*A Usage-Based Pricing Model: A second tenet stressed by Moffett relates to the first: wireless will not emerge as an “economically viable substitution for broadband.” Moreover, cable companies’ habit of steadily raising broadband rates–Time Warner Cable, for instance, raised prices by 11% last year—is essentially “flirting with regulation.” But while Moffett said a usage-based pricing model would be more fair for customers and broadband providers, it would need to happen before OTT competition hits critical mass. Even before that point, cable will face accusations that it’s trying to squash competition now that alternatives like Netflix and YouTube exist. He said the TWC-Comcast merger is actually good for OTT companies because "if I was Netflix, usage based pricing would have to be my battle.” And he predicted that TWC-Comcast’s desire for regulatory approval will likely spur them to agree to conditions that prevent usage-based pricing.
Insights on Driving Tune-In and Engagement in a Multiplatform World, from Linda Ong, president and Brand Strategist for TruthCo, and Shareablee’s Tania Yuki:
*Platform Rankings: When it comes to platforms on which social media users engage with TV shows, Facebook saw 84% of the social engagement. However, Instagram is rising very fast. In effect, “the opportunity for social is very, very early,” and she expects to see far more engagement moving forward.At present, 73% of social media users are engaged with at least one TV show.
*Crafting Content: Photos are most successful for driving engagement, said Yuki, while including a question has a positive effect as well. TV watchers respond very well to active calls to action, like tune-in messaging, she said.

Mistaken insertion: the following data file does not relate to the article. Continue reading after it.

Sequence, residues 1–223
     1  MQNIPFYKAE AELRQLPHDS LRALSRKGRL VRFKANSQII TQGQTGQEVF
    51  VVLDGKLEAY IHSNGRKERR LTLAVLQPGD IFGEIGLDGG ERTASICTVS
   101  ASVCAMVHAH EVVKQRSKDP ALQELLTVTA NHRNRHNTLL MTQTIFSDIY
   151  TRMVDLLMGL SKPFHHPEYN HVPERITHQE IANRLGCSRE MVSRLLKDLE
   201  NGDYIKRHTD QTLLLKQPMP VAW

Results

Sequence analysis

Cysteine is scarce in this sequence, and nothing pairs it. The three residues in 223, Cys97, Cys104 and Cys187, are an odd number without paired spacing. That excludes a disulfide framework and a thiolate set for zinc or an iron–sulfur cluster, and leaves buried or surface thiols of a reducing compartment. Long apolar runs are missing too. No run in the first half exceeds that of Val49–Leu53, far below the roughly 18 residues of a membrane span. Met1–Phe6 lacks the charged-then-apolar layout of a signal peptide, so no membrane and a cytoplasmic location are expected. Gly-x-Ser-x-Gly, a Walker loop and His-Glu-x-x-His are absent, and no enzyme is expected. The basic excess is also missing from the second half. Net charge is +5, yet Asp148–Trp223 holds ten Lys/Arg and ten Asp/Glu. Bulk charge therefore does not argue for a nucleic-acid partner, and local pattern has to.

*Opportunities Gained—and Missed: Engagement before and after live premieres are great opportunities for engaging your audiences, though not all shows are taking advantage and keeping the headwind going between episode air dates, Yuki said. “Make sure you don’t leave viewers hanging between actual live broadcasts,” she said.
*Future of TV. It will not be dictated by devices, but rather consumers, according to Ong. The world of television today includes numerous paradigm shifts, including the move from TV as a “manufactured, mass-market product” to the new world of “artisanal TV.” Whereas you used to cast your net wide when creating content, the “proliferation of platforms has allowed people to get great content everywhere.” It’s not cool to be popular anymore—particularly from the eyes of Millennials, for whom “popularity is a sign of bad quality.” Success will be measured by their followings, which may build slowly. Network executives will be resistant to this, but they’ll be required to have more patience.
*Protagonist Shift: The old world of TV content featured “cookie cutter archetypes.” But today, we have “difficult characters challenging the familiar,” starting with Tony Soprano up to Breaking Bad’s Walter White.
Insights from Ryan O’Hara, president of content distribution and sales for MSG Media:
*Advice for Cable Up-and-Comers: When you’re younger, it’s better to be with a bigger company, O’Hara said: “a well-established company with a bigger brand,” that has a lot of assets for you to work with. That way you are able to get to know more people. Another piece of advice: “slow down a bit.” Focus on the thing you’re doing and doing it well.